The basic rules are to reward your cat for good behavior with a small treat, and then use negative reinforcement, such as scolding, when they do something you don’t like.

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3. Common Health Issues of the Korat Cat

Korat cats tend to live long, healthy lives. However, they do have a few more serious health issues that are important to know about when welcoming them into your home.


Gangliosidosis, also known as lysosomal storage disease, is a genetic condition that occurs when Korats don’t have the enzymes to properly run their nervous system.

That then leads to a breakdown of neurological function and manifests in symptoms such as side-to-side movement of the eyes, erratic walking, an enlarged liver, and tremors. If your cat shows such symptoms, it is best to take them to a vet right away.

Dental Disease

As clean as cats are, they do not take care of their teeth. Many breeds develop dental issues throughout their lifetime, and Korats are no exception.

The breed will get food stuck in their teeth, which then leads to the build-up of plaque and other issues. The longer such problems go untreated, the more serious they become.

Dental disease can lead to small problems like bleeding gums, but it can also lead to tooth loss and internal organ failure. Brushing your cat’s teeth once a week will stop those problems before they develop.

Heart Disease

Korats are susceptible to heart disease as well. The genetic condition, which is found across the breed, is not easy to spot due to how well cats hide symptoms.

Always monitor your Korat, and be on the lookout for lethargy, poor appetite, or rapid breathing. If your feline develops any such issues it is important to take them into the vet as soon as possible.

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4. Children & Other Pets

The Korat is a gentle animal with a kind temperament. They enjoy being around humans, including children. In fact, the playful animals will actively bond with any kids they’re raised around.

Even young toddlers, though they should never be left alone with the animals, can enjoy time with the breed as long as they respect their space.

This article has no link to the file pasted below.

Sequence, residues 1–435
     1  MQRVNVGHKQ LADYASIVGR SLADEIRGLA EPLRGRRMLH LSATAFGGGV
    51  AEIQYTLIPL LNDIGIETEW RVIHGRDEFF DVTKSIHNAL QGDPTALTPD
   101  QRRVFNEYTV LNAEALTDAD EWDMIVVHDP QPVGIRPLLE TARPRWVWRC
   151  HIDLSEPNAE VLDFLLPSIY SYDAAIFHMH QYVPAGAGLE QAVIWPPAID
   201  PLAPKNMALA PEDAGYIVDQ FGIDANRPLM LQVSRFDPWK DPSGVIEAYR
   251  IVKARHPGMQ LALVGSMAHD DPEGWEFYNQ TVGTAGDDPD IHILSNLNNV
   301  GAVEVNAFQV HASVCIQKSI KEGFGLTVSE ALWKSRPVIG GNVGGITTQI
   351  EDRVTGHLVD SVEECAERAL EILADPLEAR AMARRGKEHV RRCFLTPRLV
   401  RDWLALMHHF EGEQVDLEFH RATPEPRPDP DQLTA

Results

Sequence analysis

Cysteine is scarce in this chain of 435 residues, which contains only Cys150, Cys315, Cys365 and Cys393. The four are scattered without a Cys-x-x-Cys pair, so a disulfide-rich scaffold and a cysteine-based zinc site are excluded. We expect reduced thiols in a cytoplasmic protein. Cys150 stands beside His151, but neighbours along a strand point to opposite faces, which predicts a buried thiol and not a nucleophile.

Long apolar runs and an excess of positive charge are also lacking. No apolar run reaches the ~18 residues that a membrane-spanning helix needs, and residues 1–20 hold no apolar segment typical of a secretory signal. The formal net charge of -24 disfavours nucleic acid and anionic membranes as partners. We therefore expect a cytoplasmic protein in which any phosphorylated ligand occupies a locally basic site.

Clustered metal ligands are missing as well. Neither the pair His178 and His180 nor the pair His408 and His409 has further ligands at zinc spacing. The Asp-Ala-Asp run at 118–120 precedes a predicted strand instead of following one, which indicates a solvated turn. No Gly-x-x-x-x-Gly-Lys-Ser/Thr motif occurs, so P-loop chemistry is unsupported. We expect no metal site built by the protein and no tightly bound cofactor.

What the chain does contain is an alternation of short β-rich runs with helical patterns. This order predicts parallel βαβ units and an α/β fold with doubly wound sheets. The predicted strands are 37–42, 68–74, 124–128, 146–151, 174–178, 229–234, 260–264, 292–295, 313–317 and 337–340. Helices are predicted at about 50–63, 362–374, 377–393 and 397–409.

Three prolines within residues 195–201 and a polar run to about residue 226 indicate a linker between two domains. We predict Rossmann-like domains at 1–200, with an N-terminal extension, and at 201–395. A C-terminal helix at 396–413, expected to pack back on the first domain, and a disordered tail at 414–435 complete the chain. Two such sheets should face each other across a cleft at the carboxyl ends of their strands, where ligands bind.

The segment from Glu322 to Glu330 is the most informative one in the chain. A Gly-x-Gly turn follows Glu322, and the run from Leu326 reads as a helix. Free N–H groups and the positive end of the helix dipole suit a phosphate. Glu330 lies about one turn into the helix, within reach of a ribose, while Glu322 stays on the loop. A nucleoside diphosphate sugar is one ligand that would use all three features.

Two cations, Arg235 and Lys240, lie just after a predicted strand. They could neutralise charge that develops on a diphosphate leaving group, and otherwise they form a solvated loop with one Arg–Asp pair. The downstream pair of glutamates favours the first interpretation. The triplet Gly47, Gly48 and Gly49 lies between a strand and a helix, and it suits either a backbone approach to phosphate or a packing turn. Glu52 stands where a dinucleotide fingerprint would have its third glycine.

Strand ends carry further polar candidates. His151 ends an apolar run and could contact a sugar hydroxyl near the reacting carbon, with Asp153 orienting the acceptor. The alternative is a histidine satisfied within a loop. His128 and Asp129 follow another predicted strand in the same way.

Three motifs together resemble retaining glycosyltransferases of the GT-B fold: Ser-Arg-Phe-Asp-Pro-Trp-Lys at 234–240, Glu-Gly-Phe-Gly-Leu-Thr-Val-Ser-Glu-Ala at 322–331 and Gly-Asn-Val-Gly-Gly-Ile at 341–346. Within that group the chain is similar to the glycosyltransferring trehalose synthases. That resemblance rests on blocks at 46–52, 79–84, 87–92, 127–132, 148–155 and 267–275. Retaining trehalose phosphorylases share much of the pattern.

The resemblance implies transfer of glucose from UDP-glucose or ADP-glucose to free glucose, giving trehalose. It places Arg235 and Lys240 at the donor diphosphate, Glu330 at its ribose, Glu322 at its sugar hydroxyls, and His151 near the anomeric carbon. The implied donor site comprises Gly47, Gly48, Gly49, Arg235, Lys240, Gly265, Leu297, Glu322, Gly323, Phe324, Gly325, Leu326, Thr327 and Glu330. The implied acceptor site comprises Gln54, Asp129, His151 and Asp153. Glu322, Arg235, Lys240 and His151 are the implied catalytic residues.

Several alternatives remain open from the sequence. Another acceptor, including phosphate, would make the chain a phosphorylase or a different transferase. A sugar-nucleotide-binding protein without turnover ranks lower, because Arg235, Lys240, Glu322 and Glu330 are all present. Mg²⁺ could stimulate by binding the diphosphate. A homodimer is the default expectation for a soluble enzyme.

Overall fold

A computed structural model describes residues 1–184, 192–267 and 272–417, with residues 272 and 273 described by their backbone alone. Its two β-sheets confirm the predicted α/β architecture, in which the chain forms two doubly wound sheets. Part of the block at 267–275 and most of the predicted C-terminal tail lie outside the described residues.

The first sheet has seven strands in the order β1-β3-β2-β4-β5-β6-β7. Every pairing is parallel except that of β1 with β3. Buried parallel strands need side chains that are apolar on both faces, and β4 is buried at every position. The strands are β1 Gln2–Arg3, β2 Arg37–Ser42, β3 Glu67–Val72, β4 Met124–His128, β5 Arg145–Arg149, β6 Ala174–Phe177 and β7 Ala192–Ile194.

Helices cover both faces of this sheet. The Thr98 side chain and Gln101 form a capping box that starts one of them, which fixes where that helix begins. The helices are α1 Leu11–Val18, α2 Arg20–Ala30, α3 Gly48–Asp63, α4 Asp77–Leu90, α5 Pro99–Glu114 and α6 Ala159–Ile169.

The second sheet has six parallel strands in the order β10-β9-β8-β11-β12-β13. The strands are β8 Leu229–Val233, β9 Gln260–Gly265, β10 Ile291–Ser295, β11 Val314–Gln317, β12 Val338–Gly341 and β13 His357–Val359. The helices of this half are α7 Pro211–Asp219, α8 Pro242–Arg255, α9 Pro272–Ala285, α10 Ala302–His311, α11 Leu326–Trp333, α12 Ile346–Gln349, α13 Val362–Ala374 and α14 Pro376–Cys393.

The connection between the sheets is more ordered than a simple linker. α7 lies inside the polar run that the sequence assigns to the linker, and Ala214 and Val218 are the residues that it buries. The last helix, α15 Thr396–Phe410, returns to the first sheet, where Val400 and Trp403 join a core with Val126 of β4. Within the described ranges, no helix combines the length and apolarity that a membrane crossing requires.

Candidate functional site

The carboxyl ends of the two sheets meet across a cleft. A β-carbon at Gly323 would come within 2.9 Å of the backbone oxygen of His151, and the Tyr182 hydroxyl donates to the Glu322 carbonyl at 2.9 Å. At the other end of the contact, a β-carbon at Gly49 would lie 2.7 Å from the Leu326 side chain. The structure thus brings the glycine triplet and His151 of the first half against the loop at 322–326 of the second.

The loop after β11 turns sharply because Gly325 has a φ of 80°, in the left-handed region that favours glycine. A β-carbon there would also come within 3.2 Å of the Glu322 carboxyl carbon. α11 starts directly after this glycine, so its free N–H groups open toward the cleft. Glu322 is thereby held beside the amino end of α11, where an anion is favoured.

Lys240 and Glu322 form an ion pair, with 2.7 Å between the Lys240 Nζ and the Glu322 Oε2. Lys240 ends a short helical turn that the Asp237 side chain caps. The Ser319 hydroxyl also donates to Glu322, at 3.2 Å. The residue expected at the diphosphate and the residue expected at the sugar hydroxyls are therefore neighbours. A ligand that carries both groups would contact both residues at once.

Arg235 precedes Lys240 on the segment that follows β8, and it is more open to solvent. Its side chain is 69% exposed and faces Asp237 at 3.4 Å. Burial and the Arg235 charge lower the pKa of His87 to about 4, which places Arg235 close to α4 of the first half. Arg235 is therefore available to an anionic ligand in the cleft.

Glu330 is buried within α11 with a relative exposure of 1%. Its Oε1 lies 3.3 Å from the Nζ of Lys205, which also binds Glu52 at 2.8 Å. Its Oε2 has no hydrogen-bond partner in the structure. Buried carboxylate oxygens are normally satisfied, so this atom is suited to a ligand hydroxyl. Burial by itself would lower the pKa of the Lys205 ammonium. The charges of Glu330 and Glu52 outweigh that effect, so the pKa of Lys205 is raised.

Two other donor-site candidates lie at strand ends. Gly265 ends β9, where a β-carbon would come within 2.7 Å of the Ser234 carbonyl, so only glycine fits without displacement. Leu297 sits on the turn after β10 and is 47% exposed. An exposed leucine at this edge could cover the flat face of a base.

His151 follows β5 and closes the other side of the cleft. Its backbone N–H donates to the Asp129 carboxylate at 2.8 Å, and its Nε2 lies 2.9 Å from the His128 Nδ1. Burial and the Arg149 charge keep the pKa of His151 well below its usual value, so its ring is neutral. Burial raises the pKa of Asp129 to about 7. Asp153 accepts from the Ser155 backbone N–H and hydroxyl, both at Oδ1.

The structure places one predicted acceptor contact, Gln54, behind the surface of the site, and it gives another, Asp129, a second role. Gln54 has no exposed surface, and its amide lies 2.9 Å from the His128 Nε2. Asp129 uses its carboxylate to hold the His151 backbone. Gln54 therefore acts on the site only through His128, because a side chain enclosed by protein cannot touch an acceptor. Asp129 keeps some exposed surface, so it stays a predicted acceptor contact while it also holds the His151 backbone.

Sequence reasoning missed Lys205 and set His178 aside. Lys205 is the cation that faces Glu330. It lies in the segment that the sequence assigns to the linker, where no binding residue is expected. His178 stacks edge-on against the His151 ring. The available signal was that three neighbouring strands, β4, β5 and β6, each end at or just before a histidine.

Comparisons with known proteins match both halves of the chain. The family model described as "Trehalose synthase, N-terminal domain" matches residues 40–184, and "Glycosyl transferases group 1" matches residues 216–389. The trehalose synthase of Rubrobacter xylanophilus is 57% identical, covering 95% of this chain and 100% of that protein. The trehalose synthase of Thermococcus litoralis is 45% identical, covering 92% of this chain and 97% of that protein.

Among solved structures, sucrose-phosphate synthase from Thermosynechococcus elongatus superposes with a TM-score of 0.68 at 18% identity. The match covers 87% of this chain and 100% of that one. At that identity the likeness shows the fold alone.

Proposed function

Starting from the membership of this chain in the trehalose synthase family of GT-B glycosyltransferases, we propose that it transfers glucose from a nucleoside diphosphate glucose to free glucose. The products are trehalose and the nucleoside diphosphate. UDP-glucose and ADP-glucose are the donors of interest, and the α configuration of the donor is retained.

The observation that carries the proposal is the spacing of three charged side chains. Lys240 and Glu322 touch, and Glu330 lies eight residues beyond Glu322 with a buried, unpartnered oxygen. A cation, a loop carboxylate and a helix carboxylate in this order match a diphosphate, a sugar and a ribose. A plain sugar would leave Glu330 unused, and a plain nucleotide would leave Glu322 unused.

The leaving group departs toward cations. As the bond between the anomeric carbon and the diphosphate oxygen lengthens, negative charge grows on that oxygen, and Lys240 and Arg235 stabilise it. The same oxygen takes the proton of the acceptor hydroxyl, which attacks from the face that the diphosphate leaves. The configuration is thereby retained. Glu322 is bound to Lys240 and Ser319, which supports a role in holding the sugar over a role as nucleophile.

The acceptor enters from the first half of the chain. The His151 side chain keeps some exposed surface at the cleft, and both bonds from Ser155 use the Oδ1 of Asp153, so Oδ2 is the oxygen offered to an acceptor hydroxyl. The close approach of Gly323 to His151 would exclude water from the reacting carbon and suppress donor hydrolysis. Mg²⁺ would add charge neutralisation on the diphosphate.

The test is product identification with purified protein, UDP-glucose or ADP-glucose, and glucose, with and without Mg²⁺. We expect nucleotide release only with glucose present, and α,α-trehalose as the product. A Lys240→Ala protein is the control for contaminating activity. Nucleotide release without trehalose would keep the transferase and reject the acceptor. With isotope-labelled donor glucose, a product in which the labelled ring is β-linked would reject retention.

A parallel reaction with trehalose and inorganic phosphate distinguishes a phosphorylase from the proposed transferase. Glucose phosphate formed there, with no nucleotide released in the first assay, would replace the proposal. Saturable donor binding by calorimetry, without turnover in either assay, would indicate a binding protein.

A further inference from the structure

That being said, Korats are quite stingy when it comes to other breeds. They don’t mind sharing their space with multiple cats, but they need to have their own toys if they’re going to do so.

The felines, while normally affectionate, are extremely aggressive when other pets try to play with any objects that they view as their own. The breed does not do well with dogs, but they may be more accepting if raised alongside a puppy.

5. The History of the Korat Cat

Korat cats hail from the island of Thailand, where they were first used as good-luck charms. Also known as the Si-Sawat cat, the breed dates back to the 14th century. There, they were given as gifts to brides due to their association with fertility.

Though no one is sure when the cats first traveled west, ancient books show Korats in Britain around the late 1800’s and they first crossed to America in 1959.

They were not very popular when they first came to the states. To fix that, the Korat Cat Fanciers Association worked hard to promote the breed throughout the 1960’s. That then legitimized the feline and enabled them to be accepted in homes across the world.

6. The Regular Expenses of Owning a Korat Cat

Most Korat breeders have Korat cats for sale at around $400. However, that number can increase based on the seller’s quality and reputation.

7. Korat Cat Rescue Groups

Korats are an exotic, affectionate breed. Many organizations work with the felines to ensure they find themselves in warm and loving homes.